Evergrey have been saluted as the new promise of scandinavian progressive metal. And I ask to myself ¿why? ¿Where is progressive, or symphonic, on “The Inner Circle”? I haven’t had the “pleasure” of tasting the previous albums from the swedish band, but perhaps I will never do. I gave them a chance, and I must confess that I’m absolutely disappointed.
In fact, this CD features a wide range of things that I pretend to NEVER find on an album. For example, Tom S. Englund’s melodramatic and permanently forced voice, far away from subtleties or shades. For example, the extremely aseptic sound of the production, which makes Jonas Ekdahl’s percussion sound like a drum machine for the most part of the CD. For example, Rikard Zander’s almost non-existent and undistinguished keyboards. As I can see on the artwork, Evergrey are a band more worried about their look, a good make-up and a proper wardrobe, rather than elaborating an interesting or innovating musical discourse.
It’s not enough to add sound effects and recorded voices to your songs; it’s not enough to play flashy bits here and there to remind the listener that you’re a real musician; it’s not enough to constantly overwhelm the audience with a wall of sound that leaves no room to breathe. Not to mention the subject of the album, which Englund himself explains in detail on the unnecessary and comically stilted liner notes. It takes true talent and imagination to dare with a concept album, and Evergrey hardly fill 48 minutes with their confusing atrophy of terribly trite melodic metal, from the single-potential “A Touch Of Blessing” (5.50), to the shattering “Ambassador” (4.29) and “In The Wake Of The Weary” (4.43). There’s room for mellower tracks, like “Waking Up Blind” (4.22) or the acoustic “Faith Restored” (3.53), but histrionics and overproduction finally ruin them. “When The Walls Go Down” (5.42) closes the album with some taste, thanks to, at last, a good use of a string section. Anyway, when a cheesy fake piano starts to play everything’s spoiled. A pity. The acoustic bonus tracks recorded in France add nothing remarkable and remain as a simple anecdote.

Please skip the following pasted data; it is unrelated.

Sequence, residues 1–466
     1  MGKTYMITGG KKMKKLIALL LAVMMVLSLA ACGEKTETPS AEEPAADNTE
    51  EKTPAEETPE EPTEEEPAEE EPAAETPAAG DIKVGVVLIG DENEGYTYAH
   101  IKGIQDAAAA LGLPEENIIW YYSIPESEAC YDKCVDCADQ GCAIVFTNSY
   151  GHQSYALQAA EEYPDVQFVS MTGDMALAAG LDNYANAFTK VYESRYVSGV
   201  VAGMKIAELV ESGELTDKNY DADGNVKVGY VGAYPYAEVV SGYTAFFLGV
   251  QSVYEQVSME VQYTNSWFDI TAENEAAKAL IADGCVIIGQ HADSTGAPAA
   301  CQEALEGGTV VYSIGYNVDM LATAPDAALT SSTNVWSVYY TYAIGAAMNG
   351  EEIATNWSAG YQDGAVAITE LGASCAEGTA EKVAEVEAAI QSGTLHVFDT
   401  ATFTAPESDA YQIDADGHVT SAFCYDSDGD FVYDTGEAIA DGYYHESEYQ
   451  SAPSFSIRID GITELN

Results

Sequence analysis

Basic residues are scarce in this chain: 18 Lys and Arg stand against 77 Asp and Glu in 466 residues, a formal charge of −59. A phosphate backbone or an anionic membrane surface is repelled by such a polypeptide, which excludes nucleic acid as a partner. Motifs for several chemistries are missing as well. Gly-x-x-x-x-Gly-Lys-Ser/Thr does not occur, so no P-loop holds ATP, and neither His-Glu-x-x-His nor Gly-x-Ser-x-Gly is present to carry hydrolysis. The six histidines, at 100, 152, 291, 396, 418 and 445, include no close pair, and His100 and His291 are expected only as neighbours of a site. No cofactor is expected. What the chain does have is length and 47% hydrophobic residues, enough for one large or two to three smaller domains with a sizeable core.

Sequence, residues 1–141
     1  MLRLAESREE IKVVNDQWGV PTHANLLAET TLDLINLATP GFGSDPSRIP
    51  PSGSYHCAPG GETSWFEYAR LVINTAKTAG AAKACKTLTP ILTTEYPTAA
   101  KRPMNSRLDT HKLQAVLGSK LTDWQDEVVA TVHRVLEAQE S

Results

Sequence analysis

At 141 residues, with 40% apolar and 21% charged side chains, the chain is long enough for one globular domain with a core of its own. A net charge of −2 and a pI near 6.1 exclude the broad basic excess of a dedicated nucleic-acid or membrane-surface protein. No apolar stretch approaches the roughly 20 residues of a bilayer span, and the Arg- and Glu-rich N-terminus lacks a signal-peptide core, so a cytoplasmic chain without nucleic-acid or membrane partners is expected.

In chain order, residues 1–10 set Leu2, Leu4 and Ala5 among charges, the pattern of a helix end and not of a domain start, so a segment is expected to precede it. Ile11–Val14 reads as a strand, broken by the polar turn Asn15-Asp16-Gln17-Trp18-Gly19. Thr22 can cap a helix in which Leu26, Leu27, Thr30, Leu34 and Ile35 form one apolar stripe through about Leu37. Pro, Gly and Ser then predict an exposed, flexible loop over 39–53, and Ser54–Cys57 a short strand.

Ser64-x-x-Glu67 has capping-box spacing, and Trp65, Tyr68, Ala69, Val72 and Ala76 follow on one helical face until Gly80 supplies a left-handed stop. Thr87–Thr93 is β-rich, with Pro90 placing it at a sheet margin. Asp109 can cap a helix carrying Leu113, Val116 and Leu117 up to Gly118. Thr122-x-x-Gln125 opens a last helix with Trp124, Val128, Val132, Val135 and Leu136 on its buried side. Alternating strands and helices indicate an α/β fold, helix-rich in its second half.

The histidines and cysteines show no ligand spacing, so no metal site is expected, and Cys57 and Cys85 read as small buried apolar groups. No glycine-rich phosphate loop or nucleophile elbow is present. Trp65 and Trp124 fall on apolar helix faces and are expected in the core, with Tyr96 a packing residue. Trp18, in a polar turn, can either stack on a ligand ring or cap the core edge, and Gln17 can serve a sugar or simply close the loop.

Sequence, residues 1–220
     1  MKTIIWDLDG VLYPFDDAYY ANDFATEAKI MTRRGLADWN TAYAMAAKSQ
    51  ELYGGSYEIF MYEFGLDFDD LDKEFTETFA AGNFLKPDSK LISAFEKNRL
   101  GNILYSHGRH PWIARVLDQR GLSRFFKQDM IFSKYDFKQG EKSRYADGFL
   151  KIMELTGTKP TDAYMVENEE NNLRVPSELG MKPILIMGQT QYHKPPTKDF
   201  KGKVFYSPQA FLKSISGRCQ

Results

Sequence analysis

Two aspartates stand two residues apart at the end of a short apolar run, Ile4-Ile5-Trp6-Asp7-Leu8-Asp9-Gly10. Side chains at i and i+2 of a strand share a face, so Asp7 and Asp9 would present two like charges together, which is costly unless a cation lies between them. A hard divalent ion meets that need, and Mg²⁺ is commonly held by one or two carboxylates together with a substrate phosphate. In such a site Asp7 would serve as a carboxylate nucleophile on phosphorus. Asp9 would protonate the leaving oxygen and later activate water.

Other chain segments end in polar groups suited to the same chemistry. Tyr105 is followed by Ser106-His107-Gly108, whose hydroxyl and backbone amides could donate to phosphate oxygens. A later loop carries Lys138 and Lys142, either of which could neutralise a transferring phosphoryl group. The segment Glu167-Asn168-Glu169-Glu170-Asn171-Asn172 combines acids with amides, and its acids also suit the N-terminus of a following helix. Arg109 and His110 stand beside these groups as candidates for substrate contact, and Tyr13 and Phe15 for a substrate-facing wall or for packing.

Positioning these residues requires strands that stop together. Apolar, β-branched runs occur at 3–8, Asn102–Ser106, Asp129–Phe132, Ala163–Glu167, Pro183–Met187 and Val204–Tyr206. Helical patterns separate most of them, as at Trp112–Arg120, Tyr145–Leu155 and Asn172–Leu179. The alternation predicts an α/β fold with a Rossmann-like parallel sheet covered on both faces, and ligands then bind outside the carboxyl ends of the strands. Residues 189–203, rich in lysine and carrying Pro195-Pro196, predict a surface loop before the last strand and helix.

Well, I guess the metal community will crucify me for smashing this “masterful” CD from the “brilliant” Evergrey, but I simply give my opinion and, subjectively, an album like “The Inner Circle” has nothing for me. If you want good swedish progressive metal bands, listen to Pain Of Salvation or Wolverine, both much more creative and interesting than Evergrey. Sorry.